I was recently approached by BioOil, which really needs little introduction, as it is the go-to product for anyone wanting to lessen the appearances of stretchmarks or scars. A few people have also told me that it's also a secret beauty product for tired skin, used once a week on parched skin.
I've been asked to be a Skin Story Ambassador, and Skin Stories is a campaign to celebrate how every scar and stretchmark tells a story - be it the birth of a child, or during treachorous childhood japes. The campaign raises money for the British Skin Foundation, and this year benificiaries include the Iolanthe Midwifery Trust, and Look Good Feel Better, a wonderful cancer charity I've written about before.
A friend has shared her skin story here below - we all have scars and marks, and if we talk about and share our stories, hopefully we can be a little less embarassed or self-conscious about them. They all tell a story...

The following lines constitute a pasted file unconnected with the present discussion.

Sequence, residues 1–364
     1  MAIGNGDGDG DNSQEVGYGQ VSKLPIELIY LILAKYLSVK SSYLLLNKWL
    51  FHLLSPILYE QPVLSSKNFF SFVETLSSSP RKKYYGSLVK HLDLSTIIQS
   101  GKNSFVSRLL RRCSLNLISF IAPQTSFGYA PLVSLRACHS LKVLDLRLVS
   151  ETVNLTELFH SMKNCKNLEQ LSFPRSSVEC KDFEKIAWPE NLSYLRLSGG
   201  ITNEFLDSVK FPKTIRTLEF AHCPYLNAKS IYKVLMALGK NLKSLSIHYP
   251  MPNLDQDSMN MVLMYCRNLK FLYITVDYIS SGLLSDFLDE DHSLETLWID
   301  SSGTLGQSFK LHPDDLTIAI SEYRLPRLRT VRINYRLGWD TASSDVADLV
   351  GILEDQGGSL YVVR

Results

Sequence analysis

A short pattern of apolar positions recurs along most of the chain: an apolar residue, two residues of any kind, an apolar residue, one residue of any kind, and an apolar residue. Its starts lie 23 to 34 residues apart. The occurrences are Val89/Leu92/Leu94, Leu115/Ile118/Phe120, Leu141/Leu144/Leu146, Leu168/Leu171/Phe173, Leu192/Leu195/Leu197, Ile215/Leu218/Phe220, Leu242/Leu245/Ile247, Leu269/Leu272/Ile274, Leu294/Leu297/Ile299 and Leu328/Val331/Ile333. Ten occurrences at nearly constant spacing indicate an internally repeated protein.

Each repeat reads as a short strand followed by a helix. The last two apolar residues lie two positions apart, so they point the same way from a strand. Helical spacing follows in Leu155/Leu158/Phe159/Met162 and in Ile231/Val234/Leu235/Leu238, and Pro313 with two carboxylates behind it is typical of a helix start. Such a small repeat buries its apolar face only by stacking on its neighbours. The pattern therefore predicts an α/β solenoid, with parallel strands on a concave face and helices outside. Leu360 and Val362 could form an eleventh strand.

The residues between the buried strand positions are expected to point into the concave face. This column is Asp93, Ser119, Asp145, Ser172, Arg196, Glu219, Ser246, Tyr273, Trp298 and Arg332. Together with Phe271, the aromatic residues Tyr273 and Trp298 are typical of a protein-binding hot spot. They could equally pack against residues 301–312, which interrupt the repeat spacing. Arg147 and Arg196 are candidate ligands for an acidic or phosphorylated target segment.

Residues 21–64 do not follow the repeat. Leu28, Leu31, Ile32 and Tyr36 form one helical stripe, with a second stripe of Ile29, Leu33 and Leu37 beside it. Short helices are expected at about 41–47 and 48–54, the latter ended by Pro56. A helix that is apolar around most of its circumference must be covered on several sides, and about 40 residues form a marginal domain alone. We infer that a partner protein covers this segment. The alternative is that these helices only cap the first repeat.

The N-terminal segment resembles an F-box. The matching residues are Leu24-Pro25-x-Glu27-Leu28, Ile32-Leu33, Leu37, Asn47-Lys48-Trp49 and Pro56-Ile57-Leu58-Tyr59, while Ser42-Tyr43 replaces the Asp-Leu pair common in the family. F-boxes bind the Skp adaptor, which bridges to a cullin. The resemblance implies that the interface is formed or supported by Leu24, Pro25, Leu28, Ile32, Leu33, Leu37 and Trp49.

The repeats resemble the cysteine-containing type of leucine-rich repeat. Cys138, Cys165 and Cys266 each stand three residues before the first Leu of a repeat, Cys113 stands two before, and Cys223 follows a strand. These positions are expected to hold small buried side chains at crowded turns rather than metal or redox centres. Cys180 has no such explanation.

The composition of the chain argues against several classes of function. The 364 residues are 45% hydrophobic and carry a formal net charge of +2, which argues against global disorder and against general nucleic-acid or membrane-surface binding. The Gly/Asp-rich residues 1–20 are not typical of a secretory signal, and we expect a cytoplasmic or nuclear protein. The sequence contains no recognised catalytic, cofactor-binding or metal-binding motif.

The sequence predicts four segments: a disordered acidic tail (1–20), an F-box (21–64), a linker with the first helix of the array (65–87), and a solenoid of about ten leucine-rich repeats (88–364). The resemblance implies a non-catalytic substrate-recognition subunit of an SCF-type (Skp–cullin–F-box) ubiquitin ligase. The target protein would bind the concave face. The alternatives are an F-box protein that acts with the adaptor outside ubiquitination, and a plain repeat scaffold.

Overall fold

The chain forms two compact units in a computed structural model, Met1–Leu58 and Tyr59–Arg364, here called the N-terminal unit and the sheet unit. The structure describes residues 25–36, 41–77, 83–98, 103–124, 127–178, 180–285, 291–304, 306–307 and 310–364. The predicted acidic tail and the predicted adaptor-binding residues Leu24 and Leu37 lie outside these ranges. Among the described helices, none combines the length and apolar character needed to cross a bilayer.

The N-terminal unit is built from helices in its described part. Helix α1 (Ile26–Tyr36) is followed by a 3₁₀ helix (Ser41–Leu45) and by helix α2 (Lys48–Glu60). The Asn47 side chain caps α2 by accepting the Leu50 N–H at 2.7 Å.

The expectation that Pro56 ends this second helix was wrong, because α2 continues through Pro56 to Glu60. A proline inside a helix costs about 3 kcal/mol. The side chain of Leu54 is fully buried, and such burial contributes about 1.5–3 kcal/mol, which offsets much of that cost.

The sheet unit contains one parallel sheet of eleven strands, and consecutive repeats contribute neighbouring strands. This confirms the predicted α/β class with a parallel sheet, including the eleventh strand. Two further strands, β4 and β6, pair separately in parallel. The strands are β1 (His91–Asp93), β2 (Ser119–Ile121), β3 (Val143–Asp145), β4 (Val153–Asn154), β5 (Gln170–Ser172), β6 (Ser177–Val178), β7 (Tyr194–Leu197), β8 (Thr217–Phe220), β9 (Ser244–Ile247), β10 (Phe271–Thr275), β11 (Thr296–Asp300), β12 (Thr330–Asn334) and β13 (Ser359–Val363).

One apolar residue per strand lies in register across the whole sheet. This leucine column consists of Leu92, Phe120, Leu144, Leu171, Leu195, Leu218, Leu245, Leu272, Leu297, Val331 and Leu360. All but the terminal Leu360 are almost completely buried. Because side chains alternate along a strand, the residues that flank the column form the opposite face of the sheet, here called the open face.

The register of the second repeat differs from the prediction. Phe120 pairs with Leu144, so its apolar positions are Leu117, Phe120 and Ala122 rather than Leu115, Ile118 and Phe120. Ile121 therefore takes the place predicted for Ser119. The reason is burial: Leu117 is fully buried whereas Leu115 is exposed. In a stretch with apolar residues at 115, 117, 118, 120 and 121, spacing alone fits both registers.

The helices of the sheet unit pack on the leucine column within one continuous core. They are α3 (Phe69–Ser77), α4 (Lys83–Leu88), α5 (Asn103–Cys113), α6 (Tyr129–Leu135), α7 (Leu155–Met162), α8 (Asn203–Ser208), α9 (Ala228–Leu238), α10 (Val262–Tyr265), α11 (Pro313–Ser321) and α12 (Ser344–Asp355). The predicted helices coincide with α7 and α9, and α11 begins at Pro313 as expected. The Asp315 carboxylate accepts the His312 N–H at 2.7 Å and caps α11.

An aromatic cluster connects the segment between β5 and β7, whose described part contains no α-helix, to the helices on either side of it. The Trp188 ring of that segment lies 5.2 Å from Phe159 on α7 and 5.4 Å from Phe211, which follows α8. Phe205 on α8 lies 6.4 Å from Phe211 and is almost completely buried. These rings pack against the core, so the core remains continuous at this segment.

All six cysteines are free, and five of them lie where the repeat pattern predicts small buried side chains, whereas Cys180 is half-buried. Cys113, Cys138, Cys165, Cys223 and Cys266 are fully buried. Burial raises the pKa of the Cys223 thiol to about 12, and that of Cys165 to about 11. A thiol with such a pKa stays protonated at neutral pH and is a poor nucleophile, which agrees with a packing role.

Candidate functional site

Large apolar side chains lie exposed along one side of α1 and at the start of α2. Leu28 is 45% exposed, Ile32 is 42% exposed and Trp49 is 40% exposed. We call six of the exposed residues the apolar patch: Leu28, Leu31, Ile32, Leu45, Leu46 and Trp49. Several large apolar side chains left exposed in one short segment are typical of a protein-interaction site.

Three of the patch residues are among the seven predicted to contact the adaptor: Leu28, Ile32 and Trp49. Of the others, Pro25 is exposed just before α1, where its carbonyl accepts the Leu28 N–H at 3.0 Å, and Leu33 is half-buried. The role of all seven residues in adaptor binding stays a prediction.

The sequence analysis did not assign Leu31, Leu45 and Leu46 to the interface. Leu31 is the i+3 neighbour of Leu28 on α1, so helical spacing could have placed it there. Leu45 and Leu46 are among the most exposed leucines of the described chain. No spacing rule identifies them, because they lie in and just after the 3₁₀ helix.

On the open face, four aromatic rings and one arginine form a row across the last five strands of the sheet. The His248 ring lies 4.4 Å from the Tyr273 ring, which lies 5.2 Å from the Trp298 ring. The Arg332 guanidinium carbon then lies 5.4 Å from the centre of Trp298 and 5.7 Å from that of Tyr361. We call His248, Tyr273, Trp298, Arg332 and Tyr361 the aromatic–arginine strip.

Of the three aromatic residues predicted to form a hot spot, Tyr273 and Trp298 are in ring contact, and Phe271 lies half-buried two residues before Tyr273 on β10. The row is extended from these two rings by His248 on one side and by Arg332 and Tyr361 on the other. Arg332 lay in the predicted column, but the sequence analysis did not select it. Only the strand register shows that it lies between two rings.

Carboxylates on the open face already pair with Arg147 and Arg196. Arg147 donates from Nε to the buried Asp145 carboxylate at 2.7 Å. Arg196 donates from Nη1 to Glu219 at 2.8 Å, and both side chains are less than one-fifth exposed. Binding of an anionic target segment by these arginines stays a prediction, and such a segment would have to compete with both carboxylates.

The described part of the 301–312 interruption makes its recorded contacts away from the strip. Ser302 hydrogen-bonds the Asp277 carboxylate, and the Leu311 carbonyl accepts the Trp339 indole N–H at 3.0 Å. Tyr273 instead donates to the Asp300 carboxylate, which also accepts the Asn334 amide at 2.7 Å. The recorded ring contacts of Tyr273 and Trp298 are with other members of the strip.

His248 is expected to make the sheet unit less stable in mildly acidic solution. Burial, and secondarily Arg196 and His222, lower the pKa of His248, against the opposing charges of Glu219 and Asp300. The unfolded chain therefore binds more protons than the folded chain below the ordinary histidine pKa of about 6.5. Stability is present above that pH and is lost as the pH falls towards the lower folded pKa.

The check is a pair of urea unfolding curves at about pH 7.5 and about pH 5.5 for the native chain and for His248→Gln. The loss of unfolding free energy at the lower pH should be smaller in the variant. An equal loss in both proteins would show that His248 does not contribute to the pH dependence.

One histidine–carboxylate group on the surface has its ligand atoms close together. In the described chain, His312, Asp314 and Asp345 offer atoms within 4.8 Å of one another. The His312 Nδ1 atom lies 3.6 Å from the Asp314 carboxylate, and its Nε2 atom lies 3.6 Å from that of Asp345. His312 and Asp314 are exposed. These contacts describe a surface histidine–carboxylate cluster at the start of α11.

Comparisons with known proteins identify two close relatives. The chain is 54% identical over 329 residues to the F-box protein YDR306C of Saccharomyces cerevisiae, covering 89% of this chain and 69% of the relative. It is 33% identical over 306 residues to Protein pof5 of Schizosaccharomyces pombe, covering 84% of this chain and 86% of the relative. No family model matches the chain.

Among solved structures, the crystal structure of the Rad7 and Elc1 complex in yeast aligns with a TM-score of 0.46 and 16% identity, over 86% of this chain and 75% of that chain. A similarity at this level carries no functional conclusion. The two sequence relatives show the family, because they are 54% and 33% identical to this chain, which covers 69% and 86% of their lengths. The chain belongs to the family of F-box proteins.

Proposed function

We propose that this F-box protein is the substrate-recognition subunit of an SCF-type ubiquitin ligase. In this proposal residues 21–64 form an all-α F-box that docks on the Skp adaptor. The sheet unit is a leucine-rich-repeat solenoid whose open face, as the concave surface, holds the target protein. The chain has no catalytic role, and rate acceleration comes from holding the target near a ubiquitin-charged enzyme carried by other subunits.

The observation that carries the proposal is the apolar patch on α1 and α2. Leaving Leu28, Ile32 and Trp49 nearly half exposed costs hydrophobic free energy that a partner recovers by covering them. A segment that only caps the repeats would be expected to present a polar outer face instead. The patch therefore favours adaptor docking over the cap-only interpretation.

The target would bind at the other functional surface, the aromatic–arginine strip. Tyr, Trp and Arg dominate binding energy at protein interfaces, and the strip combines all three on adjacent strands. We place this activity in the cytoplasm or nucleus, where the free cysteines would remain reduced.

The stretchmarks when my body rounded out so quickly in adolescence, and led to an eating disorder and my trying to cover up for years, until I rebelled against my own self and defiantly revealed all. The scar under my chin, when I didn't listen to my mother and wore my friend's skirt that was far too big while I was skipping rope, and ended up smashing my chin open on a concrete floor. I thrashed around so wildly that after the doctor, the nurse, the receptionist AND my mother had held me down for the stitches, there was no way it was ever going to be a neat job. When I had my daughter, after a rather long 36 hour labour, I had an emergency C-section. When my sister saw my scar, she casually commented about what a neat job it was (she is a doctor). All I could do was burst into tears. Every time I looked at the scar, or touched it, it was a reminder that I'd failed. Failed to have that all-important natural birth. It took a very long time, but finally I came to accept my birth story, and I'm actually pretty proud of me. It's where that new little life rose out of me when I literally thought I was going to die. That may sound melodramatic, but at the time that is really what it felt like. When I see those scars and marks, I now give a wry smile. It's part of our story, of growing up, of learning lessons, of the moment we became a family, and part of my beautiful girl's story.